“The twins at the place where she is staying. Sara and Stevie, or something like that. Woo hoo, can’t wait to see her!”

                                I didn’t know much about Clove’s living situation. She communicated frequently with her sister but correspondence with the rest of the family was sporadic.

                                Another thing which irritates me.

                                Sara and Stevie … my mind flittered through the years to rest on some other twins. Same names. Twins I had only met once — many years ago — but nevertheless thought about at times. Wondered how they were getting on in life. I wondered if Fred ever thought about them, or regretted his decision.

                                Of course there was no connection, but I felt compelled to ask.

                                “How old are Sara and Stevie?”

                                “Oh, I dunno … old I think. Maybe about 30?”

                                F LoveF Love

                                  “Yoo hoo! Anyone home?” shouted Aunt Idle. “I am back from Iceland!”


                                    “Bloody good job as well, Idle,” grunted Mater, trundling out from the pantry. “Guess who else is coming.”

                                    It was more of a resigned statement than a question. Idle raised an eyebrow and let it rest, for the time being. She had rather hoped there would be some interest in her own trip.

                                    “Hey ho,” she said. Home. She was home.


                                      Aunt Idle:

                                      One of the best things about going away is the pleasure of coming home. Never in a million years would I expect to miss dust, or overflowing ashtrays, but it was so good to see that familiar layer of dust all over everything.

                                      I cut Maters grumbling short and lugged my case up to my bedroom, calling “Jet lag, speak later” over my shoulder. What was she on about anyway, two more twins from the past? It rings a bell, but I’ll think about that later. I hope she’s preparing a bit of dinner, some of that food in Iceland was ghastly, especially if you’re not a fishy sort of person.

                                      Now all I want to do is get out of these clothes and into an old tattered T shirt ~ the oldest favourite, the black faded to greenish grey ~ and sprawl back on my bed smoking. Dropping ash on the bed cover watching the smoke and dust motes dancing in the shaft of warm sunlight. Stretching my limbs out unencumbered with layers of clothing and feeling the air on my skin.

                                      Iceland is very nice in many ways, I took hundreds of photographs of the scenery and all, but shivering outside while quickly sucking down a lungful, or leaning out of an open window in the arctic blasts is not my idea of a relaxing holiday. Not that I went there to relax I suppose, which is just as well, because it wasn’t the least bit relaxing.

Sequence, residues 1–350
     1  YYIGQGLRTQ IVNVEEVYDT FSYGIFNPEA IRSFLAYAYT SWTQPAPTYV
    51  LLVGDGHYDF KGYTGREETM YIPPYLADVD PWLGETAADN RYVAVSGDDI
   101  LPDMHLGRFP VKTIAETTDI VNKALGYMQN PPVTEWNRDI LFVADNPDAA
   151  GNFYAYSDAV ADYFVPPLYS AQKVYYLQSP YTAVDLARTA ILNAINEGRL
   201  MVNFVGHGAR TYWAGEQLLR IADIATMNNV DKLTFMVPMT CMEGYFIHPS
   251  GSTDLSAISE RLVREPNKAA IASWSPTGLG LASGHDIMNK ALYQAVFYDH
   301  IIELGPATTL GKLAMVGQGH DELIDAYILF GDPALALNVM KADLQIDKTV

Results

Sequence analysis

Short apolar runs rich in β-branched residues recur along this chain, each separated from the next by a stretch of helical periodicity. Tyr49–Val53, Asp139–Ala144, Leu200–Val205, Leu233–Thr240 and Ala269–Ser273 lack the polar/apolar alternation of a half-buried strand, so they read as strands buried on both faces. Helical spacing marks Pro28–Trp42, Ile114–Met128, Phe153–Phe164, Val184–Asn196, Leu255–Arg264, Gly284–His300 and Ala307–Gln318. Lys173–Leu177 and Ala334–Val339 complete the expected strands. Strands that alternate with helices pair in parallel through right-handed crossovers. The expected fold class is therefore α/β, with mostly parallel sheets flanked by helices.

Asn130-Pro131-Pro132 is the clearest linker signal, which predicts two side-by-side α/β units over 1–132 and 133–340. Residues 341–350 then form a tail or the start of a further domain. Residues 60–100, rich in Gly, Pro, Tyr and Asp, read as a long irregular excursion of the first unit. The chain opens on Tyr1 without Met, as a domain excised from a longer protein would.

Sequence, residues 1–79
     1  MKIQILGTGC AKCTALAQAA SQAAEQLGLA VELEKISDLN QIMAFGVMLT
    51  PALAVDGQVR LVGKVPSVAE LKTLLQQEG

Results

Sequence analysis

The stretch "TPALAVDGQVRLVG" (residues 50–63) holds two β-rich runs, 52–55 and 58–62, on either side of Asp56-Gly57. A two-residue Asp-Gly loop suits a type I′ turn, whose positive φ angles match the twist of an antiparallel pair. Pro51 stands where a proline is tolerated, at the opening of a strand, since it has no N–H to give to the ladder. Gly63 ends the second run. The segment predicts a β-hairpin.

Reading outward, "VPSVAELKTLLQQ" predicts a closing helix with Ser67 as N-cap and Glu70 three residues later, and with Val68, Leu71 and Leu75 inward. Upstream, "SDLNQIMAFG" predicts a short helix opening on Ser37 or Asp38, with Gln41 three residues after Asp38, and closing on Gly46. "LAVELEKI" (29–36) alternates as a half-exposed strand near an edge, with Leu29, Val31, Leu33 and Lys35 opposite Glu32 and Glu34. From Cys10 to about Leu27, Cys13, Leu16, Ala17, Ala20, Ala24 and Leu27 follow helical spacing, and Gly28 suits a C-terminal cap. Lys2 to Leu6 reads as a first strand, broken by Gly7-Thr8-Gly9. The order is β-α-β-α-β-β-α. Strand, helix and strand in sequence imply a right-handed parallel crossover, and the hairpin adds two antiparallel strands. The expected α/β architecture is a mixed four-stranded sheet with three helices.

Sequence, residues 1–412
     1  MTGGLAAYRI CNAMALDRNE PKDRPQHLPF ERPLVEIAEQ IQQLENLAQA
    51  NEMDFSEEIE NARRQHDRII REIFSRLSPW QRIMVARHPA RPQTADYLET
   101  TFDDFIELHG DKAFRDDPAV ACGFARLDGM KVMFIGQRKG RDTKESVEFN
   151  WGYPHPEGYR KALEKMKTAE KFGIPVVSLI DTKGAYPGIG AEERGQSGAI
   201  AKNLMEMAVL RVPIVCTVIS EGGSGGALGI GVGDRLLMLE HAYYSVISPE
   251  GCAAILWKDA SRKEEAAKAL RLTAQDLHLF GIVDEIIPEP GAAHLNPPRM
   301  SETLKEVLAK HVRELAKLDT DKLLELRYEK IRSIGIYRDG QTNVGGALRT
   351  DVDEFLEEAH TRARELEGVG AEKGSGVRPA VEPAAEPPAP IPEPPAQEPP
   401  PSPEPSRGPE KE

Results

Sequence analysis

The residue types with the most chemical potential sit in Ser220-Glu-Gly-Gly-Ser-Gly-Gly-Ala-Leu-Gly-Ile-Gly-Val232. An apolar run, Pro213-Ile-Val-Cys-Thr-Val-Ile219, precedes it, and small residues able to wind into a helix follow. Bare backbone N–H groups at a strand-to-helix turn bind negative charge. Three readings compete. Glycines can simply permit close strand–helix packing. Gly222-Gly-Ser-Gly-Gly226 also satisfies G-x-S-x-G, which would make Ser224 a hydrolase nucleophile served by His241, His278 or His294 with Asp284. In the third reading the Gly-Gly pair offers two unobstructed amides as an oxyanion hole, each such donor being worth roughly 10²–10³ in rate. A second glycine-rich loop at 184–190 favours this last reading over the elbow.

I drifted off to sleep, contentedly gazing at the stains on the ceiling that looked like maps of other worlds, vaguely recalling some of the names I’d made up for the islands and continents over the years, and woke up later dreaming of Fred, of all people. For a minute when I woke up I could have sworn he was standing right there next to my bed, watching me sleep. I blinked, trying to focus, and he was gone.

                                      F LoveF Love


                                        The room was dark, save for a sliver of light coming in through the curtains where I had not quite pulled them together. The rain started this evening bringing much needed coolness with it. I lay in bed and smiled thinking of the funny twists and turns life can take.

                                        I had asked Corrie a few more questions but they were more a formality to reassure my brain that I was not going crazy. In my heart I knew. It is hard to find the right words to describe the state which came over me while Corrie was talking; it was as though the air around me had become lighter — so much so that I could almost see it shimmering — and a great … peace … I think the word is peace … had enveloped me.

                                        I just knew it was them.

                                        What a remarkable coincidence!

                                        No, no, not coincidence. I know better than that. It’s magic!

                                        Magic. I smiled again into the darkness. One needs to be reminded of magic at my age, where with every creaking, aching joint one can no longer be distracted so easily from the steady and inevitable propulsion towards death. A sort of reassurance in the presence of supernatural forces and perhaps a hint that there may be a purpose to my small little life. Dare I believe that I am worthy of magic?

                                        Ah, perhaps I have not explained that well. Is it love? Is love the word I am looking for? When I felt the lightness, the magic, I felt expansive and loving. All the irritation of the morning was gone. And I felt loved in return by forces I could neither see nor explain. Not in my head, anyway.

                                        Yes, and it was even nice to see Idle, though she was so full of rambling talk about Iceland and her trip that I had to excuse myself on the pretext that I had laundry to get in before the rain started. One can only take so much chatter.


                                          AUNT IDLE:

                                          “Have you seen that daft look on Mater’s face this morning?” I asked Corrie. “Pass the butter. sweetpea.”

                                          “She started going a bit gooey looking last night when she was grilling me about the twins that Clove’s bringing with her when she comes home,” she replied.